In general, you will need to set up a brokerage account to buy closed-end funds. Some funds offer a direct purchase plan where an investor can purchase shares from a transfer agent without going through a broker. Most investors place their instructions with the assistance of a securities broker, or financial advisor, who transmits instructions to the exchange on which the closed-end fund trades. The broker also may offer guidance on how the fund fits into your overall planning. You can buy or sell closed-end funds through all types of brokerage firms, including full-service brokers, discount brokers and on-line (Internet) brokers. In each case, you pay your brokerage firm a commission for the services provided.
The procedures for buying or selling closed-end funds are the same as for buying or selling stocks. Your broker can quote you the current market price of the shares, determined by competitive bidding. You then decide whether you want to pay the prevailing price by submitting a market order or set your own price through a limit order.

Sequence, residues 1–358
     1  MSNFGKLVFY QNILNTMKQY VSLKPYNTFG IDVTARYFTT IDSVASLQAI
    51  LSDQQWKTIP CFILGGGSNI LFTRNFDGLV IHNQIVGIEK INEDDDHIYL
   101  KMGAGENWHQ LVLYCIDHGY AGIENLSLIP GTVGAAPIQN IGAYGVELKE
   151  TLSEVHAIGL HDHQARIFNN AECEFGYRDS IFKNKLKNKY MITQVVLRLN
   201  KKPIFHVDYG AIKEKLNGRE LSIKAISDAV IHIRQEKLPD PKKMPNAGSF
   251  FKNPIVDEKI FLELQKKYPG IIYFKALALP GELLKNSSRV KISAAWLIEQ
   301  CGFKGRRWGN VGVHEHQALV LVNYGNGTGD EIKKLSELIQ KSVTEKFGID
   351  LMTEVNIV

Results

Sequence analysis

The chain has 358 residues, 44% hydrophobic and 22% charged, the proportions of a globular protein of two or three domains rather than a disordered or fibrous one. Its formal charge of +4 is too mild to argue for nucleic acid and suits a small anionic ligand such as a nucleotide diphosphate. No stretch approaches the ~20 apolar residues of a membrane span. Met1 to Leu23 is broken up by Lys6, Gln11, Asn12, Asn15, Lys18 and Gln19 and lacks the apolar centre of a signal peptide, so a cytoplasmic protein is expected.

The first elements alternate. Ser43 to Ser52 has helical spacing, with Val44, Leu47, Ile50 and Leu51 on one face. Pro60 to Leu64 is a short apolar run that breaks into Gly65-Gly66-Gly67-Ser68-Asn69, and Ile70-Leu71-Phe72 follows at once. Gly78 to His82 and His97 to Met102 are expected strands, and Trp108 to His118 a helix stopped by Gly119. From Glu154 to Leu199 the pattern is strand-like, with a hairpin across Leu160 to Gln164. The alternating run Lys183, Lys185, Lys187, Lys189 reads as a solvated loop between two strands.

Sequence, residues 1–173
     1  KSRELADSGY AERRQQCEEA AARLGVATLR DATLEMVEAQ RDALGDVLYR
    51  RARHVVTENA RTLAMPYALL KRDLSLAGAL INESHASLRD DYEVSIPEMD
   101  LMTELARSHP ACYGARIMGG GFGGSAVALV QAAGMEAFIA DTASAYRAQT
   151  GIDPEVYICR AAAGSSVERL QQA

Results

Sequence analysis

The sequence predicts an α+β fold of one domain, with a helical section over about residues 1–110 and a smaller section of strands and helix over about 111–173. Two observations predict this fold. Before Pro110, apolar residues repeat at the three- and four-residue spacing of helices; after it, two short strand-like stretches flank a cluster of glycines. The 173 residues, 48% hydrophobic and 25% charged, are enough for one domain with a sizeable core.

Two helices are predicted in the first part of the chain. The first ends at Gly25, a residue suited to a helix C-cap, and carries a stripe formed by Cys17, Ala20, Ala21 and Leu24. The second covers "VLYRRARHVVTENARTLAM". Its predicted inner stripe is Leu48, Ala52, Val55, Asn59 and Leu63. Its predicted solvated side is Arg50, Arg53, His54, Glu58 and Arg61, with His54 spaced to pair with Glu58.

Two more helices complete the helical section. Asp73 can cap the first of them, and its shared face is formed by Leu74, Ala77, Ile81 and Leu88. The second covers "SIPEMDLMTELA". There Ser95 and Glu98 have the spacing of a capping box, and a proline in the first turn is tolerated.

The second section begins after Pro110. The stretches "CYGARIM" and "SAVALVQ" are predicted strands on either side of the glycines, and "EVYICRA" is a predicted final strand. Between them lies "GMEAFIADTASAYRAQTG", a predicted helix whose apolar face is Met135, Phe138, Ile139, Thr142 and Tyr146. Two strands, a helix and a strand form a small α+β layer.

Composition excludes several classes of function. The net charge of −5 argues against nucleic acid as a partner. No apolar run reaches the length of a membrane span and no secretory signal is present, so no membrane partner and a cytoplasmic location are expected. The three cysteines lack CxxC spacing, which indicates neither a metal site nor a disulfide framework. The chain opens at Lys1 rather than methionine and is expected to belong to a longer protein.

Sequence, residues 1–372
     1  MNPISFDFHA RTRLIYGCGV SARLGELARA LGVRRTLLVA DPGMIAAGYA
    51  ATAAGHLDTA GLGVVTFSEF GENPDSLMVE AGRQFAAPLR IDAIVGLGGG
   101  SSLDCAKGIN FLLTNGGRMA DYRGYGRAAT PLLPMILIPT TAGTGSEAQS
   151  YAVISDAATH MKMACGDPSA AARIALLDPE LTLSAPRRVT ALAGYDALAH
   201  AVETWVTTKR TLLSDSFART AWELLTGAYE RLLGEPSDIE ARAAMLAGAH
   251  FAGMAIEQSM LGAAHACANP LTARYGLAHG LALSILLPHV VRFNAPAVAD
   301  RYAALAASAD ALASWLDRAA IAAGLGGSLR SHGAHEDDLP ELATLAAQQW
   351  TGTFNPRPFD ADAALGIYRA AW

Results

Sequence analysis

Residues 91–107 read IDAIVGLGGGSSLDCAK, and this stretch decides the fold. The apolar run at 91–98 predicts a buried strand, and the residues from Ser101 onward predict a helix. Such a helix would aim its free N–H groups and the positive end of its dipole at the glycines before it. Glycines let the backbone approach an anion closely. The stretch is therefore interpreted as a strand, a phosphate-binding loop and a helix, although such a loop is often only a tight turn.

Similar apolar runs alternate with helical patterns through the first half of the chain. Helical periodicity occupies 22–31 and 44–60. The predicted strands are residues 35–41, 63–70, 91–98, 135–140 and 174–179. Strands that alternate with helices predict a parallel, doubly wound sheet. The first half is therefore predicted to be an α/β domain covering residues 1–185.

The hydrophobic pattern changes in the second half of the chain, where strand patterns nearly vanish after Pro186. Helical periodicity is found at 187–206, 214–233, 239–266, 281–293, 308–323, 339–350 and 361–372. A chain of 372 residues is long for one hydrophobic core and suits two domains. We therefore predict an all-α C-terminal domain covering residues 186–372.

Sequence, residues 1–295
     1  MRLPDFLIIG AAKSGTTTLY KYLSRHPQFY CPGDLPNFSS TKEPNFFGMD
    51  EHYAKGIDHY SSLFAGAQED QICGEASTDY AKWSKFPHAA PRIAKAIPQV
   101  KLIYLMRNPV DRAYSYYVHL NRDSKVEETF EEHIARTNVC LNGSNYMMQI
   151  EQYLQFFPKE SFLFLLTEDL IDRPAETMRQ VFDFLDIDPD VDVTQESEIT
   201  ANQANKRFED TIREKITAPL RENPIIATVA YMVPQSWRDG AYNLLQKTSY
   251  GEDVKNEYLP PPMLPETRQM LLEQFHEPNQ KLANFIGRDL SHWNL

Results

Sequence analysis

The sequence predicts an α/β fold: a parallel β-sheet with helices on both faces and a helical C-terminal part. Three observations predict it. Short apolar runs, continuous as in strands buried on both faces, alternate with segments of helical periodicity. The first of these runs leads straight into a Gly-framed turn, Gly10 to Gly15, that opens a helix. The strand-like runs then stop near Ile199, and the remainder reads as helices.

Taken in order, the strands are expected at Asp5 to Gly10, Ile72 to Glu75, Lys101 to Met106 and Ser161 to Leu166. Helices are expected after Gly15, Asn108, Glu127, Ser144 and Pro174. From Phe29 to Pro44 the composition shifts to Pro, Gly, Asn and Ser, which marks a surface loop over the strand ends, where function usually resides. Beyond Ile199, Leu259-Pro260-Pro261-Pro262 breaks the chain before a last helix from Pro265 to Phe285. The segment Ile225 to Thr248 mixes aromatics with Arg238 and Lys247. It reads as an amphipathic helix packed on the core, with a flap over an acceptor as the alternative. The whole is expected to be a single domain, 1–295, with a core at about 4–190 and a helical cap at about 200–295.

The process, from the time you place the order until the confirmation comes back, can take just minutes. This is a major difference between transactions in closed-end fund shares and mutual fund shares:
With closed-end funds, you can control the timing of your orders. Through limit orders, you also can control the exact price you pay.
With mutual funds, you can't control the timing. All orders received during a business day are filled only at the end of that same day, and all transactions are based on the closing net asset value per share.